Coal Quarterly: Profits Rise but Employment Falls
Last month, in a report for the Columbia University Center on Global Energy Policy, we assessed the odds that the US coal industry makes a comeback under the Trump Administration . In this note, we take a look at how the industry fared during the first quarter of the year, drawing on new data released last Friday from the Mine Safety and Health Administration (MSHA).
A Good Quarter for US Coal
As highlighted in our Columbia report, US coal demand is highly sensitive to changes in natural gas prices, and prices were higher during the first quarter of 2017 than during the same period the year prior (due primarily to colder weather). As a result, coal consumption at the power plants tracked by consultancy Genscape was up 7% year-on-year (Figure 1).
Last Friday MSHA released mine-level production and employment data for Q1, and this weather-driven uptick in demand appears to have translated into an increase in US coal production. Output came in at 197 million short tons in the first quarter. That’s down a bit from the 200 million short tons mined in Q4 2016 (and still 25% lower than Q1 2011) but up 14% year-on-year from the Q1 2016 (Table 1). The biggest recovery was in the West, with Wyoming production up 23% YoY and Colorado up 52%. West Virginia production increased 21% yoy in Q1, while Kentucky output remained flat.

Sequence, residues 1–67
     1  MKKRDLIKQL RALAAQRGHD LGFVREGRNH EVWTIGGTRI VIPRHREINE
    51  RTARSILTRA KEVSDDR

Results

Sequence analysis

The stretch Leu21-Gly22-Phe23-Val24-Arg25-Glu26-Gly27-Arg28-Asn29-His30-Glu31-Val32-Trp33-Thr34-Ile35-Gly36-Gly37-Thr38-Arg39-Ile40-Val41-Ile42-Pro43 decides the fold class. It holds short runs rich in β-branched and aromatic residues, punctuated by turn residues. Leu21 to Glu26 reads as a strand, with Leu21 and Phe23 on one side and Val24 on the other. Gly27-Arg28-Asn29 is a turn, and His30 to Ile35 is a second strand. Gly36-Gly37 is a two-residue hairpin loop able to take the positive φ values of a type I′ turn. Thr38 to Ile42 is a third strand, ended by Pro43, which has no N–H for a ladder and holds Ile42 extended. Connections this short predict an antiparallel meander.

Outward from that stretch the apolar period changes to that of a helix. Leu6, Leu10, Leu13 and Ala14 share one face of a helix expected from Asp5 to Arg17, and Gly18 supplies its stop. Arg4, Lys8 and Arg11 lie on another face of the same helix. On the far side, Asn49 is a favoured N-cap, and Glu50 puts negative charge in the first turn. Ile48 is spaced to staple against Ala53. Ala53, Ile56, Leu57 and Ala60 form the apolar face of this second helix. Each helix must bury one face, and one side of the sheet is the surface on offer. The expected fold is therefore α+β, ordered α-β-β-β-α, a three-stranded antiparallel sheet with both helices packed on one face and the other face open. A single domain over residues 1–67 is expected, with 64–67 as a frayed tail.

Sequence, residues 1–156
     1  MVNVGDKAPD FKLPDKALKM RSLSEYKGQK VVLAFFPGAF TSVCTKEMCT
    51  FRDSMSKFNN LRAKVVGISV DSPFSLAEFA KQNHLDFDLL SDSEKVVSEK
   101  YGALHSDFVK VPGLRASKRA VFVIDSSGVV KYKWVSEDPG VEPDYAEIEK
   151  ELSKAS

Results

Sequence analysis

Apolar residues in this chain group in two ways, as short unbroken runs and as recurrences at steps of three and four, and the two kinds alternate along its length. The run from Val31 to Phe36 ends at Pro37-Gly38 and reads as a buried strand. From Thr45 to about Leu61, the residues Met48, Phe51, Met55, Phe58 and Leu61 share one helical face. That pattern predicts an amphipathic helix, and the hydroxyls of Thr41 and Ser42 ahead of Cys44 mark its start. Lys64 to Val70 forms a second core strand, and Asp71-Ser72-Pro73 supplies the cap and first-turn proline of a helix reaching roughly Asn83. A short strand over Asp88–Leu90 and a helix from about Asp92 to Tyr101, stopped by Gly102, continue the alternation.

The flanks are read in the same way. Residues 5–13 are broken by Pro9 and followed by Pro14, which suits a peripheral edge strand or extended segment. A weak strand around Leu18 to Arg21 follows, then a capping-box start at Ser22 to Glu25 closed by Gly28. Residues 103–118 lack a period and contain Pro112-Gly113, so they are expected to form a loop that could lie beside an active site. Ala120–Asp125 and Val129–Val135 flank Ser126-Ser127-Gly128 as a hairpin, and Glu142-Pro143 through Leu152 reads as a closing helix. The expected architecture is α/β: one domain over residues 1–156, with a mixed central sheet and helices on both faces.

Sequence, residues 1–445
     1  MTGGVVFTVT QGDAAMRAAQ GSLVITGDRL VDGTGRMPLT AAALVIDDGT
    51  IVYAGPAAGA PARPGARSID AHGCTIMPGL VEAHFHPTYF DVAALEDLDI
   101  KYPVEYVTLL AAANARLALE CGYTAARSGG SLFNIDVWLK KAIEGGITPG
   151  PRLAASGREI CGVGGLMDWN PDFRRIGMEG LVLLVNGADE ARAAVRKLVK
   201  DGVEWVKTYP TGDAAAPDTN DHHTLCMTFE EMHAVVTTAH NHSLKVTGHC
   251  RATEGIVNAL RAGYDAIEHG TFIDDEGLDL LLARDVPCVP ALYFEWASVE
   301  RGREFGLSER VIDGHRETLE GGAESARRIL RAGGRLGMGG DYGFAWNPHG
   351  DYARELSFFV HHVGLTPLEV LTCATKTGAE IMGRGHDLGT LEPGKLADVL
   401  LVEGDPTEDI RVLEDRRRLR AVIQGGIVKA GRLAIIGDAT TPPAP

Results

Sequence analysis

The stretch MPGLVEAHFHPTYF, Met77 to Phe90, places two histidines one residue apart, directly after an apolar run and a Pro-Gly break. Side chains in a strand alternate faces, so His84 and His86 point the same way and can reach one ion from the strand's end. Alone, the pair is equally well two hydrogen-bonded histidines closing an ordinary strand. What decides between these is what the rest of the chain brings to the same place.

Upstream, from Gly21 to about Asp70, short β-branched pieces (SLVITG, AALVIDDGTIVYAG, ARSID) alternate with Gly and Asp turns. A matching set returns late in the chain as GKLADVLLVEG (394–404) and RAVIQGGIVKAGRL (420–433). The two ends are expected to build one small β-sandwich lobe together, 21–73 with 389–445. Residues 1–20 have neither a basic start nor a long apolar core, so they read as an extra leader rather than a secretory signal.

This increase in production contribute to relatively strong Q1 earnings from some of the largest US coal companies. Both Peabody and Arch, the two largest domestic coal producers, reported positive net income in Q1 (Figure 2). For Peabody, it was the first profitable quarter (on an adjusted net income basis) since 2013. For Arch it was only the second since 2011. Yet for both companies, a more important factor in their Q1 earnings than the rebound in domestic production was an increase in global metallurgical coal prices due to Cyclone Debbie taking out a large chunk of Australia’s met coal production.
Coal Employment Continues to Decline
While Q1 was relatively positive for US coal companies, it wasn’t good enough for them to resume hiring. According to the MSHA data released last Friday, total coal mining employment (including contractors) was down 7% year-on-year, and 2% quarter-on-quarter (Figure 3 and Table 2). US mining employment now stands at 73,152, 45% lower than it was just five years ago. There was a small quarter-on-quarter increase in full time mining employment during Q1 (1%), but a 4% decrease from the same period in 2016. And contract employment fell by 8% QoQ and 16% YoY, pulling down the total numbers.
Geographically, Ohio saw the biggest decline with employment down 15% QoQ and 32% YoY (excluding contractors which MHSA does not break down by state). Wyoming employment increased by 0.6% QoQ but is down 11% from the same period last year. West Virginia employment expanded by 7% QoQ and 5% YoY, but still remains 47% lower than 2012.
Staying the Course
The bottom line of our report last month was that US coal employment is unlikely to return to pre-2015 levels regardless of what policies the Trump Administration adopts, and that meaningful job creation in coal communities will only come through economic diversification. There is nothing in the Q1 data that makes us rethink that conclusion. The mini-rally in US production and company profits was primarily weather driven and thus unlikely to be sustained. And as the Q1 data shows, higher production and profits do not necessarily translate into an increase in mining employment. Building a more diversified, resilient, and prosperous economic future in coal communities will not be easy. But it’s possible, as long as policymakers and community leaders stay focused, and don’t get distracted by short-term fluctuations in the market.